U.S. Rep. Jackie Walorski is taking a look at local schools in her district, to see what steps they are taking to increase graduation. One of her stops Monday was at North Judson-San Pierre High School. That school district has been challenged by budget issues, but school officials are working to keep programs in place to help struggling students graduate.
For instance, students who fail a class have the chance to take it again online, but Susie Matzat, one of the program’s teachers, says that system helps other students, too, “Our credit recovery we do use for students who fail courses, but occasionally we use it for that student who’s in band, choir, honors English, calculus, their schedule won’t work. So they sometimes take an online class through that as well. I administer that program, and I can make the class more difficult or easier, depending on the needs of the student.”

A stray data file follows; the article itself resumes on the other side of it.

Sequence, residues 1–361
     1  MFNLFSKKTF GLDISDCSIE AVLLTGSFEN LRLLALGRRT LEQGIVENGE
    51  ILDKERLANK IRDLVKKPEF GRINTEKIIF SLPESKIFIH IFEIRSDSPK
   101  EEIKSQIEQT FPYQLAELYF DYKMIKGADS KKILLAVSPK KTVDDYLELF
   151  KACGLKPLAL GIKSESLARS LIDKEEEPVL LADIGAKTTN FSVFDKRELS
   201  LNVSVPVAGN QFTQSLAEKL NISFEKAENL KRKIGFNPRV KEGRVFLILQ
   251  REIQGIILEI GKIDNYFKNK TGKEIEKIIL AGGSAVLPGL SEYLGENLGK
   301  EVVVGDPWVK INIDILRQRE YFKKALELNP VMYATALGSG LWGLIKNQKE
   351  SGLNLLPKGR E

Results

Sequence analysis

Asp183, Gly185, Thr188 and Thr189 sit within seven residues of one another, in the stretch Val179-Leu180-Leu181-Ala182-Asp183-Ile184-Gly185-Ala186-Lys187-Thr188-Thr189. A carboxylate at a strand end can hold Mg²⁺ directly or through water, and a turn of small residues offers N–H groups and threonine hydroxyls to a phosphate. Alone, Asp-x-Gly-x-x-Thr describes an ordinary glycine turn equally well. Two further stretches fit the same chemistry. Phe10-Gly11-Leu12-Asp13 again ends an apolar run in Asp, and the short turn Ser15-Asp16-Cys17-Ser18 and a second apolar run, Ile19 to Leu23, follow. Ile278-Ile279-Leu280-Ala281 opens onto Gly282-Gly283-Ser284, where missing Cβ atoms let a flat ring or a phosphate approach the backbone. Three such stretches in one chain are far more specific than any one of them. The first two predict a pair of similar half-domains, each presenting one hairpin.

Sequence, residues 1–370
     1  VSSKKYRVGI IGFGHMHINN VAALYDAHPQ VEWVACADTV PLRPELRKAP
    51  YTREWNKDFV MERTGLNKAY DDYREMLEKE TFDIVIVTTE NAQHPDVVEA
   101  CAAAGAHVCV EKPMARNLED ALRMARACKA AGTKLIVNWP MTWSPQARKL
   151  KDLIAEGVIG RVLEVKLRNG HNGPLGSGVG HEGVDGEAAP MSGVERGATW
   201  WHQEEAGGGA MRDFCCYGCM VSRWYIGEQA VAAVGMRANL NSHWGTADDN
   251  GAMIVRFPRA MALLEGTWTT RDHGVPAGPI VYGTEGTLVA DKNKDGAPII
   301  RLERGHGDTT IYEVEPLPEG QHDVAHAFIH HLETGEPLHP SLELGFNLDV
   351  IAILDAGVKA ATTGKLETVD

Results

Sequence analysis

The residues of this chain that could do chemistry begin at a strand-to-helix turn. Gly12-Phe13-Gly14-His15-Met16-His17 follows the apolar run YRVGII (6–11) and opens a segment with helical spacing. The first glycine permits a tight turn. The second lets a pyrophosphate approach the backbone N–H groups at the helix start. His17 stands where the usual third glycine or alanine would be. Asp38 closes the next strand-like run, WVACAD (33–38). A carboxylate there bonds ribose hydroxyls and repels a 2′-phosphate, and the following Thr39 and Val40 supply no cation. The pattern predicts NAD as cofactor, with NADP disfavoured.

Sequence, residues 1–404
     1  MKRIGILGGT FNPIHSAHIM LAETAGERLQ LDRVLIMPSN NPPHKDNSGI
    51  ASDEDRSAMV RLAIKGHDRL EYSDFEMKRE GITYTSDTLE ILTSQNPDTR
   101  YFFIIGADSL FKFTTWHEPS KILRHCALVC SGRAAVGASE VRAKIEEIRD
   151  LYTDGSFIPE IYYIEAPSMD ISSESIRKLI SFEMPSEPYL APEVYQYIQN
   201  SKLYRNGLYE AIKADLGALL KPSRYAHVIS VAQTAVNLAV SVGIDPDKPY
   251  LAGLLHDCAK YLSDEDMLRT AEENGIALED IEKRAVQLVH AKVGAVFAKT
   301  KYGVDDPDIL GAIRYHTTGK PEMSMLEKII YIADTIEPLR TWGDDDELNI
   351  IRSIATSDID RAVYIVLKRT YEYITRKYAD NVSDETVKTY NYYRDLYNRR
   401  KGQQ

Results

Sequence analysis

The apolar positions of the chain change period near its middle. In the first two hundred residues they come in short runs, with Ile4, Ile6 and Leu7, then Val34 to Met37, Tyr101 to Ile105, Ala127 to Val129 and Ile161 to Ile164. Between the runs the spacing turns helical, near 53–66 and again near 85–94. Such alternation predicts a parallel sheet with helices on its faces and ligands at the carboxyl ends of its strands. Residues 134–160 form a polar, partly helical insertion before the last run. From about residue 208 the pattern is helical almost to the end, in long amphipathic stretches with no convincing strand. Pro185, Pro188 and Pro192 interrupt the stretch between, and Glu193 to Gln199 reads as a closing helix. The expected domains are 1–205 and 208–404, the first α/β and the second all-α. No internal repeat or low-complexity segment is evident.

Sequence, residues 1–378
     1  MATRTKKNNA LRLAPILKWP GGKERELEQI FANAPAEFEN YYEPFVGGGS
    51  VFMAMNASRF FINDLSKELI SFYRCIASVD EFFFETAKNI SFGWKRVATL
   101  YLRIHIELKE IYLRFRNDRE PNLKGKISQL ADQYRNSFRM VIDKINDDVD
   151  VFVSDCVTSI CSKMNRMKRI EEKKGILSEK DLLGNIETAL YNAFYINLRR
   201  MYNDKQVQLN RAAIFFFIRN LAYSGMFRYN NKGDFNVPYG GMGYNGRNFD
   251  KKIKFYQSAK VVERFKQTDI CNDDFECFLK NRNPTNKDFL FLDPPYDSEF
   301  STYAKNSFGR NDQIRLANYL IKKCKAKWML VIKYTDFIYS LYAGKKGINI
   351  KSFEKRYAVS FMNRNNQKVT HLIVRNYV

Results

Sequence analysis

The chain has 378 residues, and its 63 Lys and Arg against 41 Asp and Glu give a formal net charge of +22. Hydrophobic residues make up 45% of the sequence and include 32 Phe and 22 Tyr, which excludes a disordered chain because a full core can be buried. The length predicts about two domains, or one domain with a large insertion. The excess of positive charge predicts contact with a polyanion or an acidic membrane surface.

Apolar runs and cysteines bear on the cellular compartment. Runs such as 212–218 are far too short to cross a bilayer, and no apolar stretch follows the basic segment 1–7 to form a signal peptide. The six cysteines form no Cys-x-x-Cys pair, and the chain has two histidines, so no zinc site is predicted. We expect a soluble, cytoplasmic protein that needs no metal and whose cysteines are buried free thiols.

There is also a similar system letting students take classes online that are not offered at the school. For example, due to budget cuts, there’s no longer a German teacher at the school, but students can keep taking German classes online.
Walorski is focusing on education because she says the biggest issue among manufacturers in her district has shifted from uncertainty in the market to a gap in the labor pool, “Schools are the bridge to employment, and we can do all kinds of things at this level, but when we have a shortage of workers like we do right now sitting on such an expansion of jobs, this is the place that the attention has to be paid.”
She also praised the school for its efforts to teach students skills they can use in the manufacturing and agriculture industries.